Your prayers will be your ablest assistants while your discourses are yet upon the anvil.  While other men, like Esau, are hunting for their portion, you, by the aid of prayer, will find the savoury meat near at home, and may say in truth what Jacob said so falsely, “The Lord brought it to me.” If you can dip your pens into your hearts, appealing in earnestness to the Lord, you will write well; and if you can gather your matter on your knees at the gate of heaven, you will not fail to speak well. Prayer, as a mental exercise, will bring many subjects before the mind, and so help in the selection of a topic, while as a high spiritual engagement it will cleanse your inner eye that you may see truth in the light of God. Texts will often refuse to reveal their treasures till you open them with the key of prayer. How wonderfully were the books opened to Daniel when he was in supplication! How much Peter learned upon the housetop! The closet is the best study. The commentators are good instructors, but the Author Himself is far better, and prayer makes a direct appeal to Him and enlists Him in our cause. It is a great thing to pray one’s self into the spirit and marrow of a text; working into it by sacred feeding thereon, even as the worm bores its way into the kernel of the nut. Prayer supplies a leverage for the uplifting of ponderous truths.[1]


[1]Charles Spurgeon, Lectures to My Students, 43-44.

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Evan D. Burns (Ph.D. Candidate, The Southern Baptist Theological Seminary) is on faculty at Asia Biblical Theological Seminary, and he lives in Southeast Asia with his wife and twin sons.  They are missionaries with Training Leaders International.

What Are You Doing with Your Bible?

June 5th, 2014 Posted in 19th Century, Biblical Spirituality, Eminent Christians, Great Quotes

By Evan D. Burns

For those of us who are prone to buy good books, aspire to read them though they go on the shelf, and then rarely read them let alone read the Bible itself, J.C. Ryle (1816-1900) issues a clarion call to wake up from lethargic Bible intake:

Next to praying, there is nothing so important in practical religion as Bible-reading. God has mercifully given us a book which is “able to make us wise unto salvation through faith which is in Christ Jesus” (2 Tim. 3: 15.).  By reading that book, we may learn what to believe, what to be, what to do; how to live with comfort, and how to die in peace. Happy is that man who possesses a Bible! Happier still is he who reads it! Happiest of all is he who not only reads it— but obeys it, and makes it the rule of his faith and practice! Nevertheless, it is a sorrowful fact that man has an unhappy skill in abusing God’s gifts….  And just as man naturally makes a bad use of his other mercies, so he does of the written Word. One sweeping charge may be brought against the whole of Christendom, and that charge is neglect and abuse of the Bible. To prove this charge we have no need to look abroad: the proof lies at our own doors. I have no doubt that there are more Bibles in Great Britain at this moment than there ever were since the world began. There is more Bible buying and Bible selling, more Bible printing and Bible distributing—than ever was since England was a nation. We see Bibles in every bookseller’s shop— Bibles of every size, price, and style; Bibles great, and Bibles small— Bibles for the rich, and Bibles for the poor. There are Bibles in almost every house in the land. But all this time I fear we are in danger of forgetting, that to have the Bible is one thing— and to read it quite another….  Surely it is no light matter what you are doing with the Bible. Surely, when the plague is abroad, you should search and see, whether the plague-spot is on you.[1]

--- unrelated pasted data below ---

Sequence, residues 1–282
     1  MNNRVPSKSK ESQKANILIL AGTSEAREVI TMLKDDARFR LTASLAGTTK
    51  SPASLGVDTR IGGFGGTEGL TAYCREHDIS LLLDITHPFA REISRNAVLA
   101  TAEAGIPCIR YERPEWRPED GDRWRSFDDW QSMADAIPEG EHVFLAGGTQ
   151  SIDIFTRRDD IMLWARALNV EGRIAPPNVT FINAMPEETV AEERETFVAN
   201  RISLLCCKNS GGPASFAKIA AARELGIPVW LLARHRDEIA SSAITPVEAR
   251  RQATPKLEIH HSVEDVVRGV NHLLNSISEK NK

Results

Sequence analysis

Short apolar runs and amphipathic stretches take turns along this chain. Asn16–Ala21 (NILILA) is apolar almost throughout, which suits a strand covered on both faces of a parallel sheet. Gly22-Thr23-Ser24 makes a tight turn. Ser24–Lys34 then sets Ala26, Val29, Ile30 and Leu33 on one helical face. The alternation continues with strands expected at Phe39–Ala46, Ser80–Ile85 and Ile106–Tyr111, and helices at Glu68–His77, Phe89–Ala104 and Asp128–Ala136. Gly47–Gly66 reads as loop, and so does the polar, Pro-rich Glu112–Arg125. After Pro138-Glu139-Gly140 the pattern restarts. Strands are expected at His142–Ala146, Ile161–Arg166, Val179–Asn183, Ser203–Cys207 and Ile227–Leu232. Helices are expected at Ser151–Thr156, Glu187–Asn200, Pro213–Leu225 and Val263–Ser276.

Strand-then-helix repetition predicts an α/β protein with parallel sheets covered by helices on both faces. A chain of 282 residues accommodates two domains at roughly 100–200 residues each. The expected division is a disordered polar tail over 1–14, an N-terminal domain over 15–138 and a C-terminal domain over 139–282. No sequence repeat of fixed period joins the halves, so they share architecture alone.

[1]J.C. Ryle, “Introduction”, Bible Reading.

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Evan D. Burns (Ph.D. Candidate, The Southern Baptist Theological Seminary) is on faculty at Asia Biblical Theological Seminary, and he lives in Southeast Asia with his wife and twin sons.  They are missionaries with Training Leaders International.